Both organizations are composed of highly autonomous operating units. The basic operating unit of Whole Foods is not the regional office or even the individual stores but the store team. Every store is composed of eight or more teams–the produce team, the bakery team, the checkout team, etc. These teams roll up into stores and regions but performance is always evaluated and rewarded at the team level. The basic operating unit of the Marines is the platoon, not the regiment or division. Platoons of infantry, armor, artillery, etc. are combined as needed to create expeditionary units or task forces appropriate to the mission assigned to them.

Both of these organizations employ a highly decentralized organizational structure and decision-making process. Basic strategic doctrine of the Marine Corps is put forth in a short, 110-page book titled Warfighting. Under the section, “Philosophy of Command”, the Marine Corps has this to say:

First and foremost, in order to generate the tempo of operations we desire and to best cope with the uncertainty, disorder, and fluidity of combat, command must be decentralized. That is, subordinate commanders must make decisions on their own initiative, based on their understanding of their senior’s intent, rather than passing information up the chain of command and waiting for the decision to be passed down. Further, a competent subordinate commander who is at the point of decision will naturally have a better appreciation for the true situation than a senior some distance removed. Individual initiative and responsibility are of paramount importance.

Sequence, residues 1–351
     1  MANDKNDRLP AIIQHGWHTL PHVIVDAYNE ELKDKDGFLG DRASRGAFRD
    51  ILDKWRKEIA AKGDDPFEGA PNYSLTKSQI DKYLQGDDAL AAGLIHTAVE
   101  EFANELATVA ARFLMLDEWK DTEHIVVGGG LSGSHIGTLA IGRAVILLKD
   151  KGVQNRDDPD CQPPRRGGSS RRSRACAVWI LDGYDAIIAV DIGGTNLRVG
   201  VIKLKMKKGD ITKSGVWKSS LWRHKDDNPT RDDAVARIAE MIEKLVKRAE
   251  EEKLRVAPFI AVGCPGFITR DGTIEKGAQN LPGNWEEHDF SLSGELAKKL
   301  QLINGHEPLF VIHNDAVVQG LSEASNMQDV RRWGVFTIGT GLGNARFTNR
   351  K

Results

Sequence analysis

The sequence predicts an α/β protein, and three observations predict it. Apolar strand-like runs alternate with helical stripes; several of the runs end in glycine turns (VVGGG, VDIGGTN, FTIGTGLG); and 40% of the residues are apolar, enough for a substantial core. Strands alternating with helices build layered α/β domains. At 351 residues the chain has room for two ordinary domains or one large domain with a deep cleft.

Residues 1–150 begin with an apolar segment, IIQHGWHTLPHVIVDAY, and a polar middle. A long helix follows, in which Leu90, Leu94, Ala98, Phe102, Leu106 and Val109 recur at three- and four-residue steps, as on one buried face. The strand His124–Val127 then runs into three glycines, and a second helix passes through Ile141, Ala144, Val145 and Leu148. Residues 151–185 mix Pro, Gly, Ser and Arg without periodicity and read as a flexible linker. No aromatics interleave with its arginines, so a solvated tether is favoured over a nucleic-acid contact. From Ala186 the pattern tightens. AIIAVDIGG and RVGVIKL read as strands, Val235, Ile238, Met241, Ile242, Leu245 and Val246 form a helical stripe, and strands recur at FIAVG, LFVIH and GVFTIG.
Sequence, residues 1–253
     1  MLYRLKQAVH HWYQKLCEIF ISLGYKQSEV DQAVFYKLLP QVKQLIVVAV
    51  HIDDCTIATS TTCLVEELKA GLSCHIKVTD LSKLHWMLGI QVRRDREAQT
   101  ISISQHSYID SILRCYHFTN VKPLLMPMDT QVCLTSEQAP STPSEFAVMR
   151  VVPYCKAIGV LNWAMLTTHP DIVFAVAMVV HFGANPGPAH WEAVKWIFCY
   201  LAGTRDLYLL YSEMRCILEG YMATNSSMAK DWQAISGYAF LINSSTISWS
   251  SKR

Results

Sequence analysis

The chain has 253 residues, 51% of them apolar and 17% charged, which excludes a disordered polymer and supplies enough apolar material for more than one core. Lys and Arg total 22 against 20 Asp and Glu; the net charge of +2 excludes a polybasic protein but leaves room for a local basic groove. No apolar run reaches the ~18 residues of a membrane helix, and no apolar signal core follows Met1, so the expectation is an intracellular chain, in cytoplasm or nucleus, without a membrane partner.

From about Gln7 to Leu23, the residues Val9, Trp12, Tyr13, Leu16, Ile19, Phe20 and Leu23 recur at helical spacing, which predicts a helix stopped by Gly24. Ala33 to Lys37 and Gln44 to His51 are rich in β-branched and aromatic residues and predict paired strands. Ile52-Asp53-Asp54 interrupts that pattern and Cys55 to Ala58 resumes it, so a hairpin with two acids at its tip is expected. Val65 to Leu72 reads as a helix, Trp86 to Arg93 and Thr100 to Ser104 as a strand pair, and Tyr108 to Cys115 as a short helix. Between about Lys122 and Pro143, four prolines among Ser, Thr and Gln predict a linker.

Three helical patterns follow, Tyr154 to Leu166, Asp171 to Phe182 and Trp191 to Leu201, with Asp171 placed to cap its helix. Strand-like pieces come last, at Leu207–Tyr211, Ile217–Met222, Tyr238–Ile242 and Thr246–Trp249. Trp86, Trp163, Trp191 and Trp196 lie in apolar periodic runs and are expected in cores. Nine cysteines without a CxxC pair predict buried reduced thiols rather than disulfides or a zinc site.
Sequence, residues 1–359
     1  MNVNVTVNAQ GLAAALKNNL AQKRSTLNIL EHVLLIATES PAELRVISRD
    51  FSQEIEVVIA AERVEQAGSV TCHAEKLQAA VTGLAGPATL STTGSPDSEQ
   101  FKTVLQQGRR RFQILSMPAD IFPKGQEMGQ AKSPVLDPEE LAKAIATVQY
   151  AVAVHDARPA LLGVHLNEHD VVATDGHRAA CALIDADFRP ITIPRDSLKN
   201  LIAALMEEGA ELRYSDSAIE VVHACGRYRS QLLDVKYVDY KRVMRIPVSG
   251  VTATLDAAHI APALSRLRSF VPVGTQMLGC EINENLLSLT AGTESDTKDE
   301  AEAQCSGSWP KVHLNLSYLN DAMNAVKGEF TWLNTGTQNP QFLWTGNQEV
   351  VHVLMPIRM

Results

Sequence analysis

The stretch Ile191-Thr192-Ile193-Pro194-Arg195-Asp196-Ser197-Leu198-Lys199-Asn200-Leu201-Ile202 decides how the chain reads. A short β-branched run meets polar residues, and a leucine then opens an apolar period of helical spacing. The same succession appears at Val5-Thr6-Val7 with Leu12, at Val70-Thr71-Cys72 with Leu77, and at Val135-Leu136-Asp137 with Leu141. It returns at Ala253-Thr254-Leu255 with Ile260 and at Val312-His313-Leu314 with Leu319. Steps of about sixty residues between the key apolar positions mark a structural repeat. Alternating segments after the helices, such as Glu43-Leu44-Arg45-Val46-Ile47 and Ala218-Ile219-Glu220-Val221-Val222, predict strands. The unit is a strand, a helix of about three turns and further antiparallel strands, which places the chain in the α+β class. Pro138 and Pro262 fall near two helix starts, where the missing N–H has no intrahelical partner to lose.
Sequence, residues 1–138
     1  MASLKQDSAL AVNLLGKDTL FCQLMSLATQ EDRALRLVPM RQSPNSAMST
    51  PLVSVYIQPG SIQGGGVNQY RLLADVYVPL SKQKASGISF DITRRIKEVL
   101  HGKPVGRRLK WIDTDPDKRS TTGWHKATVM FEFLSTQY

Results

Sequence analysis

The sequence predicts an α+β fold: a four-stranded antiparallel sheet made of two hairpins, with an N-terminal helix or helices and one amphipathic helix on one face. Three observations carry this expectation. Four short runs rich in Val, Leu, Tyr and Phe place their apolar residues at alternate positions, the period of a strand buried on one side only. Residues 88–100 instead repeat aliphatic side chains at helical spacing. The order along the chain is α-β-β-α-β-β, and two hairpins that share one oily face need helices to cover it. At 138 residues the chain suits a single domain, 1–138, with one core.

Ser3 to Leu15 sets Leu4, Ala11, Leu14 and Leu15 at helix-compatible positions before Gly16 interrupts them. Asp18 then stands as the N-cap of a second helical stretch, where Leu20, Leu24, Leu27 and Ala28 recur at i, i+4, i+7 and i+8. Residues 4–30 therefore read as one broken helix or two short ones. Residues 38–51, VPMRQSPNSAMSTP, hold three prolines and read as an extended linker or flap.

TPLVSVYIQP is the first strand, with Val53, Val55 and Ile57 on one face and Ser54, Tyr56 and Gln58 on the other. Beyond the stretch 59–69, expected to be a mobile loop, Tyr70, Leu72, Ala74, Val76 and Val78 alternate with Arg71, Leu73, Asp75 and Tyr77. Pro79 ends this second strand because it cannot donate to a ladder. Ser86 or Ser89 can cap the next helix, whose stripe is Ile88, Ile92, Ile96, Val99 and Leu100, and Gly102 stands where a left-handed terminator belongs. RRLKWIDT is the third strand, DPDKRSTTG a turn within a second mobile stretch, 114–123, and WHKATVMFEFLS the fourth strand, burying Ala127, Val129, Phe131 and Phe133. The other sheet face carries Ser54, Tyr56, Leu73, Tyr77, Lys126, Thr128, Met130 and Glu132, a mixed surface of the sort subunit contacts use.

At Whole Foods, decisions ranging from what employees to hire to what products to carry are often made at the team level. The decision-making philosophy at Whole Foods stresses that decisions should be made as close as possible to the place where they will be carried out. And the people who will carry them out should make their decisions without interference from people who are not directly involved. In a world of constant change and short product life cycles, a centrally controlled hierarchy simply cannot see the opportunities or move quickly enough. The use by these organizations of state of the art information technology is not enough because they still lack the processes and the organizational structure to act efficiently and effectively.

Innovative and successful companies will learn to differentiate themselves and find profits in better serving the unique needs of specific groups of customers that they decide to do business with. They will deliver value by employing real-time processes and organizational structures that are already being demonstrated by organizations such as the U.S. Marines and Whole Foods.